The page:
The British Empire was acquired in a fit of absent-mindedness, historians say. One day, much the same might be said of Britain’s continued membership in the European Union (EU). The issues raised by the EU referendum that will take place on June 23 are of grave and profound consequence, but the circumstances which gave rise to it were not. There were no looming forks in the road, no new treaties to ram through parliament. Rather, the referendum is the product of a specific set of circumstances.
In 2007, two years into his leadership of the Conservative party, David Cameron gave a “cast-iron guarantee” that he would hold a referendum on the Lisbon Treaty. By the time he’d become prime minister, it was infeasible to deliver on that promise, as by then Lisbon was a fait accompli. The error was not the reneging, but the making of the pledge. At the beginning of 2013, while under continued pressure from Euroskeptics within his party and the rise of the United Kingdom Independence Party outside it, the prime minister conceded a referendum on Britain’s EU membership. If his party had trusted him more on the issue, he would have been better placed to withstand the pressure to hold a referendum asking a question that need not have been posed at this time.
There are downsides to Britain breaking from the current set of economic arrangements. As Vaclav Klaus, former president of the Czech Republic, has observed, the EU is Janus-faced — it brings economic benefits alongside its supra-national administrative governance. Potential upsides depend on the British government’s appetite for taking advantage of being freed from the constraints of EU membership. Such freedom has little value with Mr. Cameron’s brand of steady-as-you-go politics — zeal is not a word easily associated with him. Other than the cap on net migration, there is little from the EU that constrains his policy ambitions for Britain. By contrast, it is no accident that Justice Secretary Michael Gove, one of the few high-energy reformers in the Cabinet, has broken with the prime minister to support the campaign for leaving the EU.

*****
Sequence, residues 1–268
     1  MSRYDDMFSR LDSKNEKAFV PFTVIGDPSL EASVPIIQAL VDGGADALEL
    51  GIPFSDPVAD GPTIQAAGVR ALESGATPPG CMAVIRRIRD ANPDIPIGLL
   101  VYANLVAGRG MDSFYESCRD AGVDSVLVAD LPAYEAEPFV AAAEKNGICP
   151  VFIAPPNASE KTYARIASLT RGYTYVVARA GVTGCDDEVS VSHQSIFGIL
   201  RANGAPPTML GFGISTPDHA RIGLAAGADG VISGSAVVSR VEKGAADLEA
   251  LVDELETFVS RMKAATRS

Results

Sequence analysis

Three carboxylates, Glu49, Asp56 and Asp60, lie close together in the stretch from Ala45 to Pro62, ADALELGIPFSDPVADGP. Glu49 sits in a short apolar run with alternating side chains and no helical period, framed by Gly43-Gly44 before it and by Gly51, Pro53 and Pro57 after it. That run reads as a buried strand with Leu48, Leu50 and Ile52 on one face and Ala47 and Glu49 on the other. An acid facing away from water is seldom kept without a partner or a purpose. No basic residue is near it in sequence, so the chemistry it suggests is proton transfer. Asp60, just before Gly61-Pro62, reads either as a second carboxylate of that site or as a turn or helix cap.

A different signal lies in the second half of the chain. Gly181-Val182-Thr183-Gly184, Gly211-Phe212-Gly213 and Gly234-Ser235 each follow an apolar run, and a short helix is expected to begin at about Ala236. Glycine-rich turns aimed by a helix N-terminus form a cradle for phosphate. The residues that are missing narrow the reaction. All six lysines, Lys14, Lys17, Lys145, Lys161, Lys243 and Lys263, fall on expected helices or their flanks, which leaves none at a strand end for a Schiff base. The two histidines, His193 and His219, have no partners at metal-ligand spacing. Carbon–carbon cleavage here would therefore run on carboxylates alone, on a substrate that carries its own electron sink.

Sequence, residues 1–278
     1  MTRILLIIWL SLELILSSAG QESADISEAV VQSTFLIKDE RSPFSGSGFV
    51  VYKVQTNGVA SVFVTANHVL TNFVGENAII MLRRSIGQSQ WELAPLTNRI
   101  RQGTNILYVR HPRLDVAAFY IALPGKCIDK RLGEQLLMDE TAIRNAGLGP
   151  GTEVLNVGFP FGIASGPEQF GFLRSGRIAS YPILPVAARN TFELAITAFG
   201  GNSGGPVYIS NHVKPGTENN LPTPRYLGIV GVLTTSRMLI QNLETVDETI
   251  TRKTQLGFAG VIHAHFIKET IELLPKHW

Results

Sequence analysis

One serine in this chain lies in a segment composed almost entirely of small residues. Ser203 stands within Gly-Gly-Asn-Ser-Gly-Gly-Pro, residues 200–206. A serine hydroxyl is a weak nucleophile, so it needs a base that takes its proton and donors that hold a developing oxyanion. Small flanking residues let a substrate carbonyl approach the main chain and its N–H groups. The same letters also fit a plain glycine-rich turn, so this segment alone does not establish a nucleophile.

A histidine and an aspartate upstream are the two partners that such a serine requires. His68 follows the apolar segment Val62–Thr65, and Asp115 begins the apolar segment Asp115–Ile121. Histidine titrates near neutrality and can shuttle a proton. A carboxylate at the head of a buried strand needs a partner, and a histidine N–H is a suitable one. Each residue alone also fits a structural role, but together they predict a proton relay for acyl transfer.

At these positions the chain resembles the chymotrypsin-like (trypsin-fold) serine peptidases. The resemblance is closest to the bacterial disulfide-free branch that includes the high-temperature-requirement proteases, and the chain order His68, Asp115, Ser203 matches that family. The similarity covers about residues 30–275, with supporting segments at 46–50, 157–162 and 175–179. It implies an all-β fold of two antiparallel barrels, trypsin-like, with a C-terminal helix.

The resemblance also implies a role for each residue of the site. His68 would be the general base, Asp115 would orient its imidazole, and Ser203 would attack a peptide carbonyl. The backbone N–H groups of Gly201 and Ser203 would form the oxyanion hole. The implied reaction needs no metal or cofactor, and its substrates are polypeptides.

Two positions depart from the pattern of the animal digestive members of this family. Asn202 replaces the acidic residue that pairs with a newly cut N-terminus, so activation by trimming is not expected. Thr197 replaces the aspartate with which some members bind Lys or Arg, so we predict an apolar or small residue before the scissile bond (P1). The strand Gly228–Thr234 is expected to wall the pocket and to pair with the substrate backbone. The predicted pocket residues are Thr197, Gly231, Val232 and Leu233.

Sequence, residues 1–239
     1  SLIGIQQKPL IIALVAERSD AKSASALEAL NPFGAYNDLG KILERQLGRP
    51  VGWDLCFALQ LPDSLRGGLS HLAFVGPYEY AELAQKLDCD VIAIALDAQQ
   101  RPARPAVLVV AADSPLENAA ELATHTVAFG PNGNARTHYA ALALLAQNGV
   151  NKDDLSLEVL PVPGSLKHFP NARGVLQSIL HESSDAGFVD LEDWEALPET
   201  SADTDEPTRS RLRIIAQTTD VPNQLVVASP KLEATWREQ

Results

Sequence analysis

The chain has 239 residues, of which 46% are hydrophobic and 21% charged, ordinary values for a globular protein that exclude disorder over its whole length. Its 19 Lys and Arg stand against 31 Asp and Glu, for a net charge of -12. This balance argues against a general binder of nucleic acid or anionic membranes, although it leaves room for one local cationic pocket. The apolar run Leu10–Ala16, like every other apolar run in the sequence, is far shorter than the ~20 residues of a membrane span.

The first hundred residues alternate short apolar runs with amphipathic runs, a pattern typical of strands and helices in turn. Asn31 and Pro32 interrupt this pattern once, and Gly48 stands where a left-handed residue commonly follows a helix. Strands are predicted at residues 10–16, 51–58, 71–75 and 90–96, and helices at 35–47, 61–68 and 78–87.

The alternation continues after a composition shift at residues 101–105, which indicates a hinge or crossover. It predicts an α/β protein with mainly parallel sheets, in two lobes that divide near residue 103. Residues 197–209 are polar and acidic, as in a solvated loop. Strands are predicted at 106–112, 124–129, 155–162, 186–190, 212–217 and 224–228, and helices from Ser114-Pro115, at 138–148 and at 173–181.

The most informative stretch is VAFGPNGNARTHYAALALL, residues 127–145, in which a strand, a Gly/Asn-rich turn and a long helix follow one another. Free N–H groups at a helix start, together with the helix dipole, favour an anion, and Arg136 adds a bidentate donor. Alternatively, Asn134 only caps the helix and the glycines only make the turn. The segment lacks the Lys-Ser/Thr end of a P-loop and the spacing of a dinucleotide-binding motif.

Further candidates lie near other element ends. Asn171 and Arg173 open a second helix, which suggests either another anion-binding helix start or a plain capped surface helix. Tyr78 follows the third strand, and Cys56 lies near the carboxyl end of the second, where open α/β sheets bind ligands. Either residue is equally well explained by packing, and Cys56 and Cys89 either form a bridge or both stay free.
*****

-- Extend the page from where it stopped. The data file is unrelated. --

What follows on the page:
Neither does membership in the EU preclude fiscal retrenchment. Ireland, which had a much larger deficit at the depths of the financial crisis, now has lower government borrowing than Britain. Across a large number of areas, such as the national minimum wage (which is being sharply increased), bank regulation, decarbonizing the energy sector, wage reporting by gender, and corporate-board composition, Britain is converging with and sometimes overtaking its European partners when it comes to increasing regulation.